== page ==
(Bloomberg) -- The Federal Reserve needs to do more to address issues that keep US banks from tapping a key emergency lending facility.  

That’s the message of current and former central bankers and experts, who delivered some cutting observations aimed at the Fed’s efforts to revamp the backstop program, known as the discount window, during a Federal Reserve Bank of Atlanta conference on Monday.

“The discount window is a highly stigmatized financial stability tool,” said Susan McLaughlin, a 30-year veteran of the New York Fed, as part of a panel discussion. McLaughlin, who oversaw the facility’s operations during the financial crisis, said that while the central bank is trying to take steps to make the backstop more effective, “I think we can go further.” 

Fed policymakers and regulators want banks to be more comfortable using the discount window on a regular basis to ensure that they can quickly respond in the event of a financial shock such as a run on deposits. Banks, however, have been reluctant to turn to the backstop for fear it would be perceived as a sign of weakness or desperation. It’s operations are also seen by many in the industry as clunky, backward and burdensome. 

The mission to overhaul the facility has become more urgent in the wake of last year’s collapse of Silicon Valley Bank and other regional lenders. Regulators were shocked by the rapid flight of deposits, but also that SVB and others were ill-prepared to access the discount window, instead relying on borrowings from the Federal Home Loan Banks, which can push up funding costs for everyone.

In the keynote speech delivered early Monday at the Atlanta Fed conference, Michael Barr, the Fed’s vice chair of financial supervision, said regulators are discussing changes that would make institutions more prepared to use the discount window, in addition to new bank liquidity rules. These include requiring banks over a certain size to maintain a minimum amount of readily available liquidity at the discount window via a pool of reserves and pre-positioned collateral, based on a percentage of uninsured deposits.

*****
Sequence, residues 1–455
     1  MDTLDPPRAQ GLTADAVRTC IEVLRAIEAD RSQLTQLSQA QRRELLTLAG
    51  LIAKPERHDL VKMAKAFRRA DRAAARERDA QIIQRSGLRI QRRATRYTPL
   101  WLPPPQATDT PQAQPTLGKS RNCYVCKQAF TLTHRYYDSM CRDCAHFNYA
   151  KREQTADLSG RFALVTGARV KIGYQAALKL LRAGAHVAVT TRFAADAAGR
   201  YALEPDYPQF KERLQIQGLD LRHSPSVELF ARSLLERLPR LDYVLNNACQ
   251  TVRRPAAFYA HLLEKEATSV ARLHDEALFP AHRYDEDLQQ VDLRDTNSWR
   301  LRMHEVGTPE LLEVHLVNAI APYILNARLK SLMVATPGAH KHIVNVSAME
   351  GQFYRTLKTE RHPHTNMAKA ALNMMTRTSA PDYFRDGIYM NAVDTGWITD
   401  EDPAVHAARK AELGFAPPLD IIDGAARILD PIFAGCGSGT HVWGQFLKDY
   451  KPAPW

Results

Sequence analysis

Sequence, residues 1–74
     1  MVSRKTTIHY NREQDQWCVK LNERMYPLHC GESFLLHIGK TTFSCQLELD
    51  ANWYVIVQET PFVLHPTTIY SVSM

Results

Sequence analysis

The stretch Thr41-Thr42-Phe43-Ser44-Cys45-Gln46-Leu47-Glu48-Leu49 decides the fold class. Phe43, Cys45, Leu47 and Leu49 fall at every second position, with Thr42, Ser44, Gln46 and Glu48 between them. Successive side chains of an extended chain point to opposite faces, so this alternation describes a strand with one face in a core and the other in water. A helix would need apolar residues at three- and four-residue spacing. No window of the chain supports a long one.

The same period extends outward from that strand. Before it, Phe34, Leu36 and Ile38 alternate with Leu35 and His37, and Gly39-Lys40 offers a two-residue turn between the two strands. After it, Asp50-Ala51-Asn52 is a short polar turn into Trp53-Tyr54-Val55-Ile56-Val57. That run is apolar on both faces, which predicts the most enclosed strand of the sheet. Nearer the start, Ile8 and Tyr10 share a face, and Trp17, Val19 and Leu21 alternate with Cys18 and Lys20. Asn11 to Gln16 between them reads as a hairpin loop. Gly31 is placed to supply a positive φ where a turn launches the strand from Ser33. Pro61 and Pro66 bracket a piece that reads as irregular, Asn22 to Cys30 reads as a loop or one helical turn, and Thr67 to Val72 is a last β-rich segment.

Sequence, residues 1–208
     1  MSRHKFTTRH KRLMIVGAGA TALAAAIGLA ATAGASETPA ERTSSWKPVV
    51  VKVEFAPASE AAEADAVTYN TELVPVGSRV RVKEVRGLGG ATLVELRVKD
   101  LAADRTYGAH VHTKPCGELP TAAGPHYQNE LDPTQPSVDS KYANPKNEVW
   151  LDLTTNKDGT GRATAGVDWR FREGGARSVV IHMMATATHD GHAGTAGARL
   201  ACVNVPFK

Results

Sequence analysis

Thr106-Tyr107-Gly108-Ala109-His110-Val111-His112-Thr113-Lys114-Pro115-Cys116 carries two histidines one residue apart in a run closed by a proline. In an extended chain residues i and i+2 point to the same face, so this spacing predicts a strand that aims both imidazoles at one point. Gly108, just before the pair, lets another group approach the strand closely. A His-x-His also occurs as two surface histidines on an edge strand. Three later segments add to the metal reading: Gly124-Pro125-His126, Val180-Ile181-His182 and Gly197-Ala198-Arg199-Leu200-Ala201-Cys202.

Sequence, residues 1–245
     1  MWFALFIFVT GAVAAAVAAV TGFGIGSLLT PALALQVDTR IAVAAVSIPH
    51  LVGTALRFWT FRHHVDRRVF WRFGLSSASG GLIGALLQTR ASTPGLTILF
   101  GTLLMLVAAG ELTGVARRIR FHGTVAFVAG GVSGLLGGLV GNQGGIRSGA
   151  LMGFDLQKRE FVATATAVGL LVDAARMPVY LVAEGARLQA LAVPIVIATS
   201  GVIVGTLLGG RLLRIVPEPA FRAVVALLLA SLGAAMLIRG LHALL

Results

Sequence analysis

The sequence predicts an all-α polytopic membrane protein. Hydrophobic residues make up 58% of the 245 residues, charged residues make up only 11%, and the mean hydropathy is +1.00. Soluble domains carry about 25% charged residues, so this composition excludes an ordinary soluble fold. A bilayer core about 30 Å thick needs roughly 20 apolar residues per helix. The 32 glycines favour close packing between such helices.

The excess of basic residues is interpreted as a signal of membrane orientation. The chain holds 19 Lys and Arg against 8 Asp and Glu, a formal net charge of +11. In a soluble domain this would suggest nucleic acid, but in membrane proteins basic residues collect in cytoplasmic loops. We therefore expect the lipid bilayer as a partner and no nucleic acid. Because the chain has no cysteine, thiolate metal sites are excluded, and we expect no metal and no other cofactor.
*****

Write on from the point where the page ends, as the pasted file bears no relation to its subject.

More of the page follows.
Fed Chair Jerome Powell said in March the central bank has “a lot of work to do” to promote use of the discount window, including technological improvements and eliminating the stigma problem. 

However, Bill Nelson, head of research at the Bank Policy Institute, said feedback from myriad bank treasurers suggests that guidance from regulators themselves is clouding the issue. 

“All of the banks said it has been hammered home to them that borrowing from the discount window is not okay,” said Nelson, the former Fed economist. “Convincing banks to use the discount window ring hollow if regulations prevent them from using the discount window.” 

Bank examiners have instructed bank treasurers that they can’t use the Fed’s discount window or another funding tool known as the Standing Repo Facility — where institutions can borrow cash in exchange for Treasury and agency debt at a rate that’s also in line with the top of the central bank’s policy target range — as part of their internal liquidity stress tests. 

Nelson said SVB, which didn’t regularly use the repo market, was interested in signing up for the standing repo facility but lost interest once it learned it couldn’t count the facility toward its internal liquidity stress-testing requirements. 

“If that was the case, we could be standing here having a very different discussion,” he said. “We would’ve had an orderly failure rather than a disorderly one.” 

McLaughlin said that while banks should be turning to the fed in times of stress, the stigma surrounding the discount window is what causes banks to wait and that undermines their readiness in a crisis. As a result, it is “neither agile nor effective,” she said.

Establishing Access

She said the Fed could create a new framework for providing liquidity, including separate tools for short-term contingency funding and others for bigger issues like insolvency, done in coordination with a bank’s primary regulator. Other countries draw a distinction between these functions, she said. 

While banks aren’t currently required to sign up for the discount window, McLaughlin suggested it could be a requirement as part of the bank chartering process, as well as automating collateral checks. 

Luc Laeven, director-general of research at the European Central Bank said banks need to establish access in normal times, familiarize themselves with the rules and set up collateral arrangements and test the borrowing procedures so that every bank is ready to access the discount window when the need arises.

“The lender of last resort should not be like your house keys, put away mindlessly, unable to find in case of need,” he said. “That’s not convenient when there’s a fire.” 

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